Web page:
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Now that the Pittsburgh Penguins have claimed their fourth Stanley Cup in franchise history (hallowed be thy name), expansion now moves to the top of the NHL's agenda.

Here are 10 bold expansion predictions from reading a lot of stories and the tea leaves:

1.) The NHL will announce in June that it is expanding for the 2017–18 season. That means that we are about to see a flurry of trades league-wide as teams try to prepare for the expansion draft and protect themselves from losing valuable assets for nothing.

2.) The NHL will also announce in June it is going to expand to Las Vegas but it will not expand to any other city...yet.

3.) When Seattle gets its act together regarding a new arena in that city, they will get the NHL's 32nd team. I think they're probably two years away on that front.

4.) The Las Vegas expansion team will be extremely successful. This is nothing like the Arizona situation – which is mostly an issue of arena location. This arena is right on the Vegas strip and it will be extremely popular for home and visiting fans.

That Las Vegas team is going to have a hell of a home ice advantage, I can tell you that much.

5.) Quebec City will eventually get a team but it won't be for a few years and it will be through relocation, not expansion. My bet is that it will either be Florida or Carolina but it won't happen until the Canadian dollar recovers and each of the existing markets has been fully exhausted.

6.) Depending on who moves, that could spark further realignment.

7.) The Oakland Raiders are moving to Las Vegas and that will happen sooner rather than later and the announcement of the move is going to come quicker than some seem to realize.

8.) The NFL will be fabulously successful in Las Vegas. Visiting fans will regularly flow into the city to take advantage of all of the things that it has the offer. Raiders fans from California will also make it over, and tourists from elsewhere will attend those games as well - and that's before even mention the people that already live and/or work in Las Vegas.

Honestly, this is the best possible outcome, IMO.

9.) The Chargers are going to build a brand new stadium in San Diego.

10.) Ten years from now, the Los Angeles Rams will still be the only team in the nation's second-largest media market.
Las Vegas, Seattle, and Quebec City have been the most popular cities for expansion or relocation. I remember seeing a story on Toronto considering a second team.

I don't think they should expand unless the talent pool is there. Adding teams just add teams is pointless without the players. If teams stink, no one will care.
Agree that with enough teams talking about maybe needing to relocate, it may not be wise to expand heavily.

Las Vegas seems to be a given it will get an expansion team, but I agree the NHL should stop with expansion there and let the other cities get teams through relocation.
Highly doubt the raiders would turn down la for Vegas if the Chargers stay in San Diego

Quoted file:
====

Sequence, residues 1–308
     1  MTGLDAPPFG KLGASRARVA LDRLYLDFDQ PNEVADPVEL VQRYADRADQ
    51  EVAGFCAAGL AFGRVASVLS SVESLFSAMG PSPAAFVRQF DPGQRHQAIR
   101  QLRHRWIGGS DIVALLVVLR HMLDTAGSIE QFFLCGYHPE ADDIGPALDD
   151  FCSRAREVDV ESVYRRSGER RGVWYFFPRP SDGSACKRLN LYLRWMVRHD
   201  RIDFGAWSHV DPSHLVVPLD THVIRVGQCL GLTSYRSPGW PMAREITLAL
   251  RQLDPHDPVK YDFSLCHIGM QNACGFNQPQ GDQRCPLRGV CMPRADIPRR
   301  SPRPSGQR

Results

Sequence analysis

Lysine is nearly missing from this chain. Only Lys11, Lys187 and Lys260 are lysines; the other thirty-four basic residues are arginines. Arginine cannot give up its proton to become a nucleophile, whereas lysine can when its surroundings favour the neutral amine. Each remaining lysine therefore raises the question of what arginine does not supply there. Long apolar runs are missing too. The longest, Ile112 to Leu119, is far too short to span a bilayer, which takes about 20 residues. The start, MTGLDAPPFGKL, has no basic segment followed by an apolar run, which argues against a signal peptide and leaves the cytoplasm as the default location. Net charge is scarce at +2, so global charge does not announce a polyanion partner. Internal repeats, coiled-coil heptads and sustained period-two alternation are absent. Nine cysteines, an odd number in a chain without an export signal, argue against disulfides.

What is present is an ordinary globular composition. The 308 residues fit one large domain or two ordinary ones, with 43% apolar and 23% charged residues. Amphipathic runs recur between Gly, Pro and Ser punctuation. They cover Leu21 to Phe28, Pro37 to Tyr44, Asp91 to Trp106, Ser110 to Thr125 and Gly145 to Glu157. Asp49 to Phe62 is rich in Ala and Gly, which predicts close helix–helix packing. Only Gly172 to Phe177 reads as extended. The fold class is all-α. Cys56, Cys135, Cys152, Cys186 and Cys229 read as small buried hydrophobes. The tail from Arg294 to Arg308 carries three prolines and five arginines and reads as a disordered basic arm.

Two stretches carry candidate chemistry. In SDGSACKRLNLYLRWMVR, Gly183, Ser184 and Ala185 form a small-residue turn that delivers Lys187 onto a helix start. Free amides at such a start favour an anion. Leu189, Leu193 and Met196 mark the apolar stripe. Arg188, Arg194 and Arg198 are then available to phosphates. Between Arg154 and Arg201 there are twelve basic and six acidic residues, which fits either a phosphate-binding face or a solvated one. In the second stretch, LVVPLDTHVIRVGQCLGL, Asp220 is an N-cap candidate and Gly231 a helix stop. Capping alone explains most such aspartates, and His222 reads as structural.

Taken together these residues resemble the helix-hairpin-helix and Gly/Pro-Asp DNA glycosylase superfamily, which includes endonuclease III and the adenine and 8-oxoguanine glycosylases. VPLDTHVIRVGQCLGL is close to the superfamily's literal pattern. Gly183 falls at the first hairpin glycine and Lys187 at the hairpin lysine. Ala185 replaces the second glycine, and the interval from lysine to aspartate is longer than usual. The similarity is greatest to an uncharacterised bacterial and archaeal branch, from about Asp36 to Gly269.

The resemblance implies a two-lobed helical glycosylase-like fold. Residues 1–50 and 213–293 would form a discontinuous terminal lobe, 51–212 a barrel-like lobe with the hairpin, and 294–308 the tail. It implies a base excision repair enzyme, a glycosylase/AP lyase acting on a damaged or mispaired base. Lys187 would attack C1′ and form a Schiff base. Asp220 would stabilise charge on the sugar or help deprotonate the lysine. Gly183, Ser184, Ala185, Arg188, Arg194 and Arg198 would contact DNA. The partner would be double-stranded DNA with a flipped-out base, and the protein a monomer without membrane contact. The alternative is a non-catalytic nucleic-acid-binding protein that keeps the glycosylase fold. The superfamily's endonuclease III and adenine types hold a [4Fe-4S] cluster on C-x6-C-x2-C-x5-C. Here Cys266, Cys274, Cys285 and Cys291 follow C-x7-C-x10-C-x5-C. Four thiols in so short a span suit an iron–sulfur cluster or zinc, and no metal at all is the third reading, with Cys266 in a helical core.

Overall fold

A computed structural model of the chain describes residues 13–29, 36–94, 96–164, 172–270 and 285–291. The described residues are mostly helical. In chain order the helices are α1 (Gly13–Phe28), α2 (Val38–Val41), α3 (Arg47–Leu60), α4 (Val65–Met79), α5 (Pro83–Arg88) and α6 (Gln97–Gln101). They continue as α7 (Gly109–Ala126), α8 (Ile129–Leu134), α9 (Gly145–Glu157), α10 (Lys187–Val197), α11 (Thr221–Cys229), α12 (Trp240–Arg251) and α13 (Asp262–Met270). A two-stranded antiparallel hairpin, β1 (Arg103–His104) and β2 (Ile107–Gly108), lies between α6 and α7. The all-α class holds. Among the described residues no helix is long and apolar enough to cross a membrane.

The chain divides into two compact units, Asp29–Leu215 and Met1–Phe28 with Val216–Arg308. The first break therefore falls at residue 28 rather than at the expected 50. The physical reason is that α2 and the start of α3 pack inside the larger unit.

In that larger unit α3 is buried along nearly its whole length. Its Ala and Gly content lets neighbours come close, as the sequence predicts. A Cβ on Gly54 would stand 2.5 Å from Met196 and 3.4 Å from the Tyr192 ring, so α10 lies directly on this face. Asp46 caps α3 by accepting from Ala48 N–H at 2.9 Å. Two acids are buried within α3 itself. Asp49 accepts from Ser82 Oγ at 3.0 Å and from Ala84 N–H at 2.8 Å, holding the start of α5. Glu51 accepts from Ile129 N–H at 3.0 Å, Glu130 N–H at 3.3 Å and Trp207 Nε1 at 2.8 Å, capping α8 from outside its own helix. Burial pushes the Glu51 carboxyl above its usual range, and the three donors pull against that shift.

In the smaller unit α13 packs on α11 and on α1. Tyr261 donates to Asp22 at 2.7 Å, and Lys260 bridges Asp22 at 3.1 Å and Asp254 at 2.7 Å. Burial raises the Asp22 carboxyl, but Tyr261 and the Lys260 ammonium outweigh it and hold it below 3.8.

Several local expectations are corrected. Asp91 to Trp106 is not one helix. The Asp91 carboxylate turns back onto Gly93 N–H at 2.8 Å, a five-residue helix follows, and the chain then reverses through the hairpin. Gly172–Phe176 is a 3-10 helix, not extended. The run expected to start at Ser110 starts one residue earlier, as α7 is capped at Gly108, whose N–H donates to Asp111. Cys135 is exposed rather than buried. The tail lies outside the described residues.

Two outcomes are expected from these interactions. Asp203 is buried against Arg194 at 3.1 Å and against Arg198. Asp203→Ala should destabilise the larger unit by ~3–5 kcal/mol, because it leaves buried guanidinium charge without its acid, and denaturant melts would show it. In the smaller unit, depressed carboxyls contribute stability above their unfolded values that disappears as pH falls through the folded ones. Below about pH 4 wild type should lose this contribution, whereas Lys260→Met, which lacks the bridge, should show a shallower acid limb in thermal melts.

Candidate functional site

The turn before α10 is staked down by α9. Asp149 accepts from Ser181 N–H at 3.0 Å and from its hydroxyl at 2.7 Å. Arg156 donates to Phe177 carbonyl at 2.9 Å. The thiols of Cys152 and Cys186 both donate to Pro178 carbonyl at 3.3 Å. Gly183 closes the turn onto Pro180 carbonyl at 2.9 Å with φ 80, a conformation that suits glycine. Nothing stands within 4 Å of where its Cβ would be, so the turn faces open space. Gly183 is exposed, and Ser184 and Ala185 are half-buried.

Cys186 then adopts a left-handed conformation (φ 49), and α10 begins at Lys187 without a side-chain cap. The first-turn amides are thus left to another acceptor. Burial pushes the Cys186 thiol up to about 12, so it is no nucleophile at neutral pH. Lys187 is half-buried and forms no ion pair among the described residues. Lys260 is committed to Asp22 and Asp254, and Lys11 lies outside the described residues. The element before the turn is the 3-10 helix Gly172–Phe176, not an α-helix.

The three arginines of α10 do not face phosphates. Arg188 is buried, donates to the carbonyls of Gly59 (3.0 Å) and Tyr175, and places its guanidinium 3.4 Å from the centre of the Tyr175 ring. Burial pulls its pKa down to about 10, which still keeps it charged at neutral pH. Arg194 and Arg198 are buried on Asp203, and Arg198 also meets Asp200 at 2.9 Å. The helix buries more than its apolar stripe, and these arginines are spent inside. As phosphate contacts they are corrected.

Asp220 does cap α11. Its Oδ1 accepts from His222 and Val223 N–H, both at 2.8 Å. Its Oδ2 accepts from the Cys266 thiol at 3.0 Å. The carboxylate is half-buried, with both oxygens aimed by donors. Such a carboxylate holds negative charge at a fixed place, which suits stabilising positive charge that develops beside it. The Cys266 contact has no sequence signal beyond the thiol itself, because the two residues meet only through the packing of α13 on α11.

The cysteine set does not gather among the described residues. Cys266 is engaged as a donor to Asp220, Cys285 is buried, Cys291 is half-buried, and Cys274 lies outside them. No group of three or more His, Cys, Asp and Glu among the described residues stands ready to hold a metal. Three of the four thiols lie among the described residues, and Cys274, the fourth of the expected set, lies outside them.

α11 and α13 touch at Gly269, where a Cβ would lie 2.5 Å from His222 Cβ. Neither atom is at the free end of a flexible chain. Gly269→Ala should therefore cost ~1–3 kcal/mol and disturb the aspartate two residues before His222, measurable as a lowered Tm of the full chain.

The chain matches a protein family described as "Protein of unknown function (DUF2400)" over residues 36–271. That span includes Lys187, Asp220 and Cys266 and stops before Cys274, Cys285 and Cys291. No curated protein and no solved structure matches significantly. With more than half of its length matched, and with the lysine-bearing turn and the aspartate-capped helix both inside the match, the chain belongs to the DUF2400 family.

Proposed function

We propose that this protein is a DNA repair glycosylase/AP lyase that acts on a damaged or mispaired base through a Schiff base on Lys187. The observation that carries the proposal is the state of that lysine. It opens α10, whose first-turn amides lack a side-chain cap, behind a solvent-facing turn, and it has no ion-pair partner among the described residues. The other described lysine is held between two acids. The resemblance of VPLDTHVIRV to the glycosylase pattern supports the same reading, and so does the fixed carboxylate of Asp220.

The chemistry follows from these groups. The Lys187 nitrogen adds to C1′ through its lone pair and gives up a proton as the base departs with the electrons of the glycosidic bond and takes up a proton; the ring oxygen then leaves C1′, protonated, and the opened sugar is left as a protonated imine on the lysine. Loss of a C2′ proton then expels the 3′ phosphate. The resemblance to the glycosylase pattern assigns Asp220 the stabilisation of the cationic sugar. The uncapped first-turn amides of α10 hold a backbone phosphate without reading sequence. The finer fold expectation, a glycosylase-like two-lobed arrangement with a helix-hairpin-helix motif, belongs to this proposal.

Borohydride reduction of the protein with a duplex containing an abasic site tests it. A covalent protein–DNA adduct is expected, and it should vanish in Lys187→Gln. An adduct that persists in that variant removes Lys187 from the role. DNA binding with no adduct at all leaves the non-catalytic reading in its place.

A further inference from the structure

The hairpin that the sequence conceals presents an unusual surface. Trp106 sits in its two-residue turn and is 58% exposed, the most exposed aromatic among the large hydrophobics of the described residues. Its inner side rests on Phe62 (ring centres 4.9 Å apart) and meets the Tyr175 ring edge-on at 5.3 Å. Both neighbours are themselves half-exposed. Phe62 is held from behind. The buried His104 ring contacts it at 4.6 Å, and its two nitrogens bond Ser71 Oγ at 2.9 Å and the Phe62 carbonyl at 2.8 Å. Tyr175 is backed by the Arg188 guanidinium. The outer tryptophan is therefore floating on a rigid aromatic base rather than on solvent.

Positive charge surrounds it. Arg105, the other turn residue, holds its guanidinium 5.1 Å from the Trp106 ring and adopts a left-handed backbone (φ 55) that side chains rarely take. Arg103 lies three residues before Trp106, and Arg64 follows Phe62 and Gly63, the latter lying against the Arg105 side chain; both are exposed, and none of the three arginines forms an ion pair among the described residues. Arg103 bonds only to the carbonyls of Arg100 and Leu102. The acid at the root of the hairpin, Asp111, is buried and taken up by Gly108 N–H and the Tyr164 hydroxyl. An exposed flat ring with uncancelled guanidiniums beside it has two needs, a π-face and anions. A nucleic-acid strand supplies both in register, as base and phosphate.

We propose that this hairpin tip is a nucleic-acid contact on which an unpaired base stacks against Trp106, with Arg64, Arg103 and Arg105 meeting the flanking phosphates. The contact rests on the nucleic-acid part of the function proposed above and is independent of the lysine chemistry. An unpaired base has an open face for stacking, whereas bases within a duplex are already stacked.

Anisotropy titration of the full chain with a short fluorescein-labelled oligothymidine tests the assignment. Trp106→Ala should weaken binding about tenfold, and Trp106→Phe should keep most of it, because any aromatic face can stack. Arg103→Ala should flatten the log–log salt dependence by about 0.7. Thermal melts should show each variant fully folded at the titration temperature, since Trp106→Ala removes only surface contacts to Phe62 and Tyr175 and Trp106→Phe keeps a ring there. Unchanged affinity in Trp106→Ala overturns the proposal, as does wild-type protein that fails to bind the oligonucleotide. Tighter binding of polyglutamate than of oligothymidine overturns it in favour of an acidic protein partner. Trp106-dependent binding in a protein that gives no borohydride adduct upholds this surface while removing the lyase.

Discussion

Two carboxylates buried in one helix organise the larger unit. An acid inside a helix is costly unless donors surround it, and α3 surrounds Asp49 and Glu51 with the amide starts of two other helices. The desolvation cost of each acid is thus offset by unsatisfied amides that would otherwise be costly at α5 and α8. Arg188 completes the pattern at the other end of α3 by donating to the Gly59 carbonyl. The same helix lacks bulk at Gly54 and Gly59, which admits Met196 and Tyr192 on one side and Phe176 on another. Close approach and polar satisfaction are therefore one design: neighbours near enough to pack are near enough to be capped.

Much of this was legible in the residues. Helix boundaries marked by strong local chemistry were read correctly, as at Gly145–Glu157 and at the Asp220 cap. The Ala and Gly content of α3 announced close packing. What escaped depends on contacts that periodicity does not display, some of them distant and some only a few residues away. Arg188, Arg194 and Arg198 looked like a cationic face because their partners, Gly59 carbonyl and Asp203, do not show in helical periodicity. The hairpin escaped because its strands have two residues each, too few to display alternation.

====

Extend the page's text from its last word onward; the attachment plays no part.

Vegas will get an nhl team. Seattle does make sense for one.

If Quebec gets a team from Carolina I'd expect a Florida team to be moved to the other eastern division
(06-14-2016 08:22 AM)BePcr07 Wrote: [ -> ]Las Vegas, Seattle, and Quebec City have been the most popular cities for expansion or relocation. I remember seeing a story on Toronto considering a second team.

I don't think they should expand unless the talent pool is there. Adding teams just add teams is pointless without the players. If teams stink, no one will care.

I have never understood the talent pool argument. The number of teams the market can handle determines the level of talent in the league, not the other way around.

The population as a whole keeps growing, so if they never expanded, the level of talent would be relatively higher compared to years ago.
Las Vegas, Black Knights, is getting a team and Quebec isn't right now. Not sure how 31 works but that's the plan in the short term. I would agree Seattle gets team 32 with a new arena and Quebec will get a relocated team. I would be surprised if Florida moves so most likely Carolina although columbus isn't doing to hot. I don't believe the LA rams will be the sole tenant, chargers or Raiders will move in, still doubtful the NFL moves to vegas.
(06-14-2016 08:44 AM)goofus Wrote: [ -> ]
(06-14-2016 08:22 AM)BePcr07 Wrote: [ -> ]Las Vegas, Seattle, and Quebec City have been the most popular cities for expansion or relocation. I remember seeing a story on Toronto considering a second team.

I don't think they should expand unless the talent pool is there. Adding teams just add teams is pointless without the players. If teams stink, no one will care.

I have never understood the talent pool argument. The number of teams the market can handle determines the level of talent in the league, not the other way around.

The population as a whole keeps growing, so if they never expanded, the level of talent would be relatively higher compared to years ago.

Baseball got kind of sloppy for a while with inadequate pitching when they expanding too quickly in the late 60s/70s. The quality of play in basketball went down for a while in that same era with the ABA forming and the NBA expanding rapidly. So the product isn't as good and serious fans notice.
I like all of these predictions!

Especially the part about Las Vegas getting an NHL team and the Raiders. If they're willing to build the facilities, they should get the teams! I agree that a market should only need one pro sports franchise.

So for that matter, move the Clippers to Vegas too! (and move the Angels and A's to two other Western markets, Portland and Sacramento??)


I also like the part about San Diego building a new stadium for the Chargers. As it should be! Take that, anti-spending crowd in San Diego! Ha Ha!

As far as Seattle goes: I know nothing about the progress for building a new arena there, but I hope they build it next to their NFL and MLB stadiums. That section of the town is perfectly set up as a "stadium village" and that's where it should go! They should get an NFL and NBA franchise, if/when they build a new arena.